XLIII. Temperance Societies
XLIV. Secret Societies and the Census
Note on Magnetic Variation (County Line)
Woman's Work for the U. S. Sanitary and Freedmen's Commissions
List of Soldiers
LIST OF MAPS, LITHOGRAPHS, STEEL PLATES, ENGRAVINGS, ETC.
Map of the County . . . to face Title Page
Map Illustrating the New England Charter Claims, west of the Delaware
Map showing the various purchases made from the Indians
Map of Westmoreland, showing the Connecticut Surveys
Map of Old Luzerne County
Engraving—Seal, Court of Quarter Sessions, Susquehanna County, 1812
Diagram—showing official divisions of Susquehanna County, 1790
Diagram—showing " " 1799
Diagram—showing boundaries of township of Rush, 1801
Diagram—showing Election Districts—Susquehanna County, 1801
Diagram—showing divisions of Susquehanna County in 1808
Diagram—showing " " " " in 1810
Diagram—showing " “ " " in 1815
Diagram—showing " " " " in 1872
Diagram of " The Fan," at Great Bend
Engraving—Falls of Cascade Creek
Engraving —The Cascade Bridge
Engraving —The Starucca Viaduct
Portrait of James B. Gregg
Portrait of Col. Frederick Bailey
Engraving—Old Universalist Church, Brooklyn
Portrait of Secku Meylert
Portrait of Christopher L. Ward
Diagram —Site of First Bark Cabin—Beaver Meadow
Diagram —Nine Partners' Purchase
Portrait of Joab Tyler, Esq.
Portrait of Rev. Lyman Richardson
Engraving of Harford Academy, 1844
Portrait of Hon. Galusha A. Grow
Engraving —The Old Post House
Portrait of David Post, Esq.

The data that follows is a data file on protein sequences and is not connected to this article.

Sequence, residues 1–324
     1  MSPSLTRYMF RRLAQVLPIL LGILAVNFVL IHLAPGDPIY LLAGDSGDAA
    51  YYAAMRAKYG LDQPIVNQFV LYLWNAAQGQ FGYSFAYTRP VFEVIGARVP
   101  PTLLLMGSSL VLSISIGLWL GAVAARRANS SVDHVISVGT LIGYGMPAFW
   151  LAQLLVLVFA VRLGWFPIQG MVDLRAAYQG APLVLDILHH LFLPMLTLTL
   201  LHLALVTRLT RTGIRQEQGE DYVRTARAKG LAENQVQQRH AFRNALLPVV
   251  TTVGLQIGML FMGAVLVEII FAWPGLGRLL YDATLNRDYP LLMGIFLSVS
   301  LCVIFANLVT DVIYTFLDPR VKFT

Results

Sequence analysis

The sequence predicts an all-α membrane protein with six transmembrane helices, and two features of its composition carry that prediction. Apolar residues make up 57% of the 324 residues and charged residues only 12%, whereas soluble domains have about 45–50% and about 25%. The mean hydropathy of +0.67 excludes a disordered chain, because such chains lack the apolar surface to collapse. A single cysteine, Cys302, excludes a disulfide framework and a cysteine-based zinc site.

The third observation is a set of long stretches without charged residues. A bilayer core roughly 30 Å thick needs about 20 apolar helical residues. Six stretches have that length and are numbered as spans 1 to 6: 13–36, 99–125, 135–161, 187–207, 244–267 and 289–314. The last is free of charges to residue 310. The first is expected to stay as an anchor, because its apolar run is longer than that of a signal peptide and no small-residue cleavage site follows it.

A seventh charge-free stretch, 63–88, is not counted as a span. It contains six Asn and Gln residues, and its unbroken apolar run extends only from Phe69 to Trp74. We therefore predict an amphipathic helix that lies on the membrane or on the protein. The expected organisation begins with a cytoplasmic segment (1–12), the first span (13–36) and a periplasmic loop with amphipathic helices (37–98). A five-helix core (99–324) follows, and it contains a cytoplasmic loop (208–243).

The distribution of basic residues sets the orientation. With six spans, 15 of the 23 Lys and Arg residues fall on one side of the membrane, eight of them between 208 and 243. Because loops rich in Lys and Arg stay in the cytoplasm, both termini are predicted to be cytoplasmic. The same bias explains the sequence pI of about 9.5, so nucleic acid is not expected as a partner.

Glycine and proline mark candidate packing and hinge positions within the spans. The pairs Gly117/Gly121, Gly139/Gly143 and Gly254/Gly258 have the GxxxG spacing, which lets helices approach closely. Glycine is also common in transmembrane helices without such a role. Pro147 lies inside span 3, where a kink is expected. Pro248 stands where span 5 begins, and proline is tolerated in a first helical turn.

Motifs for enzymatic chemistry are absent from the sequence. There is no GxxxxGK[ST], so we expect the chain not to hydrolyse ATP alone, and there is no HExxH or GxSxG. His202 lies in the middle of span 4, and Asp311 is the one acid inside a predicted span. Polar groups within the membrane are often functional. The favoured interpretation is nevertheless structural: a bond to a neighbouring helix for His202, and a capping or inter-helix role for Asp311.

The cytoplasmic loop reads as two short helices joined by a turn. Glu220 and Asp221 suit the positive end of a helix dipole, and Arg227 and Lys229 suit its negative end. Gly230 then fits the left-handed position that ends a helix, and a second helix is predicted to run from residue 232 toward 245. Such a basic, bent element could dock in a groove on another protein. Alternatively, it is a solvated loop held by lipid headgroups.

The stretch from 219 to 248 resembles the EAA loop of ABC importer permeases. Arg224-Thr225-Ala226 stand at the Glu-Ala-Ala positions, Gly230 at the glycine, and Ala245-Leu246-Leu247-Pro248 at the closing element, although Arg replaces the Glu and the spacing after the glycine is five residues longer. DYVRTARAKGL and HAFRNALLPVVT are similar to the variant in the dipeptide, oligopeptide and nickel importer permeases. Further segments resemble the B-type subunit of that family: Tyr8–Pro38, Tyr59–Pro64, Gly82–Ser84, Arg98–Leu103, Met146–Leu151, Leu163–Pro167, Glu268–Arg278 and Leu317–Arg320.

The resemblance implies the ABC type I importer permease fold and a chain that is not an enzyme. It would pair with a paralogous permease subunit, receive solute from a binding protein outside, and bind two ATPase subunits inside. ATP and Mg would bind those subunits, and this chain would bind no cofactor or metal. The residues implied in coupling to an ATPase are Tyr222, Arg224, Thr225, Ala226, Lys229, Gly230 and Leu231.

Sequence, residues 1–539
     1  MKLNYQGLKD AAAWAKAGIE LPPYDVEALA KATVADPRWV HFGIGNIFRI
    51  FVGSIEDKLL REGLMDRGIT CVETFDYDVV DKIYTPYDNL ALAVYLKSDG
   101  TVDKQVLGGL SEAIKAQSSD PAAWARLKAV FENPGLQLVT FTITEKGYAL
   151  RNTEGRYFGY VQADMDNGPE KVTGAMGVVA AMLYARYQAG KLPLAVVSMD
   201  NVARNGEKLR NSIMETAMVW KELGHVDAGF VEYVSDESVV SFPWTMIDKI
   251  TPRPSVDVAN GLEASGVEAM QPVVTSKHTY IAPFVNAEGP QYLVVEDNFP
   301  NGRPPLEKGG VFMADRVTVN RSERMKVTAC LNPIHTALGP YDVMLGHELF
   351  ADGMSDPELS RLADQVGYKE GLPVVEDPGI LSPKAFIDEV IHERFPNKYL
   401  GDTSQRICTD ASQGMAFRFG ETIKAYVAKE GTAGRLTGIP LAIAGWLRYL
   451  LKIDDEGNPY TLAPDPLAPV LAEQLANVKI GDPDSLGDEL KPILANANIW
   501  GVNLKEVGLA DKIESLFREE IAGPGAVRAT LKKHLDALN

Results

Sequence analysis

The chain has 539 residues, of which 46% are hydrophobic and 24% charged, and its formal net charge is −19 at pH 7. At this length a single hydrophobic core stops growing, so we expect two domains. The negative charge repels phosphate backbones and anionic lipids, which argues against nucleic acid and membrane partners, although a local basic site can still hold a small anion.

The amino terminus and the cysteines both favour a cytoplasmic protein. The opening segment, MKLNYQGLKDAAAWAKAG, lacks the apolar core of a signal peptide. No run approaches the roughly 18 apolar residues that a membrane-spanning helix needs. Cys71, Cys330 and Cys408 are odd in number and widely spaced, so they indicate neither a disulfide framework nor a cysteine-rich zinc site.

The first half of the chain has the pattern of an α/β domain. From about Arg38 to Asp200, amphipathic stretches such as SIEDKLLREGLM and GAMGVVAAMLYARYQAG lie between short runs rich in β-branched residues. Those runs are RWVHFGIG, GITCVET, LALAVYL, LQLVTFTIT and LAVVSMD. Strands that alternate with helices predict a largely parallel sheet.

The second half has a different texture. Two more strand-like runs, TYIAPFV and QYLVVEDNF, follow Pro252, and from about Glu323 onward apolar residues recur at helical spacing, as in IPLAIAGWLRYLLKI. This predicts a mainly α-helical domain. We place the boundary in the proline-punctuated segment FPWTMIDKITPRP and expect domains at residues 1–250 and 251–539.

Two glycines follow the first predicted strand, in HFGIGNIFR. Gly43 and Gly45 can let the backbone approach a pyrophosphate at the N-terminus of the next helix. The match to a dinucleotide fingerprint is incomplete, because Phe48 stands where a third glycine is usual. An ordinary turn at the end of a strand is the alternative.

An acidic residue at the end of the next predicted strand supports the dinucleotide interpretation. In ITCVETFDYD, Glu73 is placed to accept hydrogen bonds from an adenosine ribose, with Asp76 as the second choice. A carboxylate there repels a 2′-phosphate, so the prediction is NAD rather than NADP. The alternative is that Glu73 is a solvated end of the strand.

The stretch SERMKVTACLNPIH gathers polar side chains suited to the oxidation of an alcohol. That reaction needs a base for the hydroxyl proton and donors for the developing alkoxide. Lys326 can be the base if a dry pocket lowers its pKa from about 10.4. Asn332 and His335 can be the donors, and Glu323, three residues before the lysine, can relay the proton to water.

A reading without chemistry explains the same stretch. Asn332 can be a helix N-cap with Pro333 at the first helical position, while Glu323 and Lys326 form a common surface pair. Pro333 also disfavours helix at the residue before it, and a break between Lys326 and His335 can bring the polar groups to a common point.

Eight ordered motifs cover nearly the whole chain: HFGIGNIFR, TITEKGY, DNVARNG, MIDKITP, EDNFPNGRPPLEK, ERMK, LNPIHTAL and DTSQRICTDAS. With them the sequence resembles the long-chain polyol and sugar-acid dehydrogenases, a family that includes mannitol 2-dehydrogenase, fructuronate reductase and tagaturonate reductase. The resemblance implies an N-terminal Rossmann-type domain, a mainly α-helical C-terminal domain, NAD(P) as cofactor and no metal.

Engraving —The Old Raynsford House
Diagram —The Sun-dogs, 1807
Portrait of Elder Davis Dimock
Lithograph —The Montrose Green, 1840
Diagram —Successive Borough Limits of Montrose
x - LIST OF MAPS, LITHOGRAPHS, ETC.
Portrait of Hon. Almon H. Read
Portrait of Hon. William Jessup, LL.D.
Portrait of Henry Drinke
Engraving--The Old Presbyterian Church, Montrose
Portrait of Rev. Henry A. Riley
Map of the Connecticut Survey of Manor, Delaware First Purchase
Portrait of Hon. Asa Packer
Engraving-Lakeside-Residence of Mrs. Caleb Carmalt
Lithograph-Silver Lake, 1816
Lithograph-Silver Lake-Residence of the late Robert H. Rose
Engraving-R. C. Chapel of St. Augustine
Portrait of Elder J. B. Worden
Portrait of Hon. Benjamin Parke, LL.D.
Engraving-Old Seal of Susquehanna Academy
Portrait of Edith May
Portrait of Rev. Elisha Mulford, LL.D.
Portrait of Hon. S. B. Chase
Diagram-Joe Smith's Diggings
(Readers are requested to mark the corrections as designated.)
Page 37, line 2d from the bottom, after " Judge," insert and.
" 38, " 21st, for "Warmer" read Warner.
" 39, " 25th, the name of "L. F. Fitch" should be in italics.
" 41, " 30t5, for " David D. Warner" read Davis D. Warner.
" 43, " 32d, for " Simon Stephens" read Simon Stevens.
" 45, " 3d, for " Philander Stevens" read Philander Stephens.
" 46, in 2d foot note, for " now" read since.
" 48, line 46th, for " Lew" read Law.
“ 64, " 13th, for " Thompson" read Thomson.
“ 97, " 16th, after " murdered" insert, as supposed.
“ 204, " 7th, for " 1739" read 1839.
“ 207, " 25th, for " Kinsbury" read Kingsbury.
“ 231, " 5th, after "all he had," read but one.
“ 254, " 16th, for " Merryall's" read Merryall.
“ 254, " 20th, for " relates" read writes.
“ 280, " 3d, for" terrible" read terribly.
“ 288, " 4th, for " now" read late.
" 319, " 2d, for " clear" read cleared
" 335, " 13th, from bottom, after " in consequence," insert during the Revolution.
" 347, " 46th, for " fort" read forks.
" 457, " 29th, omit sentence about Agricultural Society.
" 460, " 9th, after " petition" read against slavery.
" 499, " 21st, for " Boswick" read Bostwick.